||Rothschild & Hartert, 1894
||del Hoyo, J., Collar, N.J., Christie, D.A., Elliott, A. and Fishpool, L.D.C. 2014. HBW and BirdLife International Illustrated Checklist of the Birds of the World. Lynx Edicions BirdLife International.
||43 cm. Small duck of montane rivers and lakes. Dark brown head. Body barred and spotted dark brown and off-white. Yellow bill. Orange legs. Similar spp. None of the many species of duck recorded in New Guinea have a yellow bill and uniform chocolate head or a barred body. Whistling-ducks, usually found in the lowlands, combine rather plain heads with pale spots or stripes on the flanks and Australian White-eyed Duck Aythya australis has uniformly plain brown plumage. Voice Various calls only given in courtship. Hints Elusive and rather unpredictable at all known sites.
|Red List Category & Criteria:
||Symes, A. & Butchart, S.
||Beehler, B., Bishop, K., Hornbuckle, J., Mack, A., Whitney, B. & Dutson, G.
||Bird, J., Butchart, S., Derhé, M., Mahood, S., O'Brien, A. & Pilgrim, J.
This species is widespread, from the low foothills to the highest alpine tarns; nonetheless, it persists in small numbers wherever it occurs, and its specialized habitat requirements ensure that its global population will remain small. It may be declining through hunting and habitat degradation and therefore qualifies as Vulnerable, although further information may show that it is less threatened than currently thought.
|Previously published Red List assessments:|
- 2008 – Vulnerable (VU)
- 2007 – Vulnerable (VU)
- 2004 – Vulnerable (VU)
- 2000 – Vulnerable (VU)
- 1996 – Vulnerable (VU)
- 1994 – Vulnerable (VU)
- 1988 – Lower Risk/least concern (LR/lc)
|Range Description:||Salvadorina waigiuensis is endemic to the mountains of New Guinea (Papua, formerly Irian Jaya, Indonesia and Papua New Guinea). It is rare and local at lower altitudes. There are records at 70m in the Lakekamu Basin, but it occurs across the island in suitable montane habitat. There are recent records from few locations, a consequence of the inaccessibility of most of its range and the species's unobtrusive, shy and perhaps nocturnal habits (Coates 1985, Beehler et al. 1986, K. D. Bishop in litt. 1994, J. Hornbuckle in litt 1999). The population has been variously estimated to be 2,500-20,000 birds and stable or slowly declining (Callaghan in prep., Callaghan and Green 1993). More recently (2005, 2008) the species was observed using an ephemeral lake at 1650 m in the Foja Mts of western New Guinea (B. Beehler in litt. 2012). This indicates that its movements are quite widespread and that it can cross expanses of closed forest in search of ideal habitat. |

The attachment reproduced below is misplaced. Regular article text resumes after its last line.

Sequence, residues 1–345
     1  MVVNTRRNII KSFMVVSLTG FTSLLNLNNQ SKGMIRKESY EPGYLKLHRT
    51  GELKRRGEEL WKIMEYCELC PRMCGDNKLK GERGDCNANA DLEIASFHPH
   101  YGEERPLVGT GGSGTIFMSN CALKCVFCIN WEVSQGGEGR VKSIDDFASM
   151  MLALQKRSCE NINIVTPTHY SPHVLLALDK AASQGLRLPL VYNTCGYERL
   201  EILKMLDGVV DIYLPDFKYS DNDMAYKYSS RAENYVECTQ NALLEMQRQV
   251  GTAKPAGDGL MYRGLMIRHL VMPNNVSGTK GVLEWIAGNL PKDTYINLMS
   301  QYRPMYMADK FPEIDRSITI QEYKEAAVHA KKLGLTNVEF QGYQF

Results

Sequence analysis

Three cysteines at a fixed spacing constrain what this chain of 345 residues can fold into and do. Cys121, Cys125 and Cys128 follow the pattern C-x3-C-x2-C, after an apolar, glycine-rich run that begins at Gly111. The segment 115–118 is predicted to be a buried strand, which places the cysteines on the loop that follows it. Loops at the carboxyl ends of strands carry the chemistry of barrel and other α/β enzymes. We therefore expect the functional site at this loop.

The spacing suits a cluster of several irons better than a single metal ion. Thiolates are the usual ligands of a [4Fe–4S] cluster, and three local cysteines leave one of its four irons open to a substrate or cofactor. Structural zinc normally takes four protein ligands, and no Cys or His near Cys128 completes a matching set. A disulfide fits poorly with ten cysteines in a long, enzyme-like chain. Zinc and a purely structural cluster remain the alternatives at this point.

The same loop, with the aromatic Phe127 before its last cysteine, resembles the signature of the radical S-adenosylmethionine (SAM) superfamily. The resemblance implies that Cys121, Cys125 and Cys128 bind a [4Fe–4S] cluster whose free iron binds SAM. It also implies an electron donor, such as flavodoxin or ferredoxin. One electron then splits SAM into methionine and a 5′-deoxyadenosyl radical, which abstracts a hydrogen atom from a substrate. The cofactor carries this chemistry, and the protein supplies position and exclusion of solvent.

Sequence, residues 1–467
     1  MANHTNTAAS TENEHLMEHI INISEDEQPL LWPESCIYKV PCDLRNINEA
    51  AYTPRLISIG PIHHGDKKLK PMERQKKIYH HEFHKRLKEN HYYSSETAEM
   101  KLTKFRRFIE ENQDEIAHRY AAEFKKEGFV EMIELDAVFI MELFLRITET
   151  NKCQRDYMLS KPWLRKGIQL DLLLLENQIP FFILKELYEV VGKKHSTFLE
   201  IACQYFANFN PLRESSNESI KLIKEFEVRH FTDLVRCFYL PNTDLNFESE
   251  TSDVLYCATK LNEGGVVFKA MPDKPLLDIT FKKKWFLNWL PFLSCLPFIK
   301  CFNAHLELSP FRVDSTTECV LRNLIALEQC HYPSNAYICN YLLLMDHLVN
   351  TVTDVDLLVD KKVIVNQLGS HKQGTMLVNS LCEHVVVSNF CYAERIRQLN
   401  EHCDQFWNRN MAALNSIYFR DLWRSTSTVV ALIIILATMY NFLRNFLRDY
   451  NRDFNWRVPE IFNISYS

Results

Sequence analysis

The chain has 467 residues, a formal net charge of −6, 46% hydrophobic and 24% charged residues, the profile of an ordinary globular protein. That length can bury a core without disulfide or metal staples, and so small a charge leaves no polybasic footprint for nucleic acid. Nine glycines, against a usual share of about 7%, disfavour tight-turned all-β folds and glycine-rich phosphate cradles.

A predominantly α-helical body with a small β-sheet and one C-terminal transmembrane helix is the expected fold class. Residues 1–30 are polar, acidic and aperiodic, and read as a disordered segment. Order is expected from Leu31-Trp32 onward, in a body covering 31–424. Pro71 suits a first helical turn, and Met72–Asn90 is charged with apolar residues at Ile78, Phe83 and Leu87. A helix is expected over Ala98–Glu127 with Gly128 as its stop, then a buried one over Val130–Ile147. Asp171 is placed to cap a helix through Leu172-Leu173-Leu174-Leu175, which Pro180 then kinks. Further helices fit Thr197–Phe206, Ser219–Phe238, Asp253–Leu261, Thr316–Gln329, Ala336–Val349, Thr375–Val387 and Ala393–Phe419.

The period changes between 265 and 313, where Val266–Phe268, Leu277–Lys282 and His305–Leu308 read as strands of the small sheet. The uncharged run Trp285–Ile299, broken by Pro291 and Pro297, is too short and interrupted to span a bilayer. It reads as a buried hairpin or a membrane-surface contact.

Indonesia; Papua New Guinea
|♦ Continuing decline in area of occupancy (AOO):||Unknown|
|♦ Extreme fluctuations in area of occupancy (AOO):||No||♦ Estimated extent of occurrence (EOO) - km2:||234000|
|♦ Continuing decline in extent of occurrence (EOO):||Unknown||♦ Extreme fluctuations in extent of occurrence (EOO):||No|
|♦ Number of Locations:||11-100||♦ Continuing decline in number of locations:||Unknown|
|♦ Extreme fluctuations in the number of locations:||No||♦ Lower elevation limit (metres):||600|
|♦ Upper elevation limit (metres):||4100|
|Range Map:||Click here to open the map viewer and explore range.|
|Population:||The total population is estimated to number 2,500-20,000 individuals,and is thus best placed in the band 2,500-9,999 mature individuals.|
Trend Justification: Some local extinctions have been recorded and the species as a whole is suspected to be declining at a moderate rate, owing to hunting, predation by dogs and habitat degradation (Coates 1985, Callaghan and Green 1993).
|Current Population Trend:||Decreasing|
|♦ Number of mature individuals:||2500-9999||♦ Continuing decline of mature individuals:||Yes|
|♦ Extreme fluctuations:||No||♦ Population severely fragmented:||No|
|♦ No. of subpopulations:||2-100||♦ Continuing decline in subpopulations:||Unknown|
|♦ Extreme fluctuations in subpopulations:||No||♦ All individuals in one subpopulation:||No|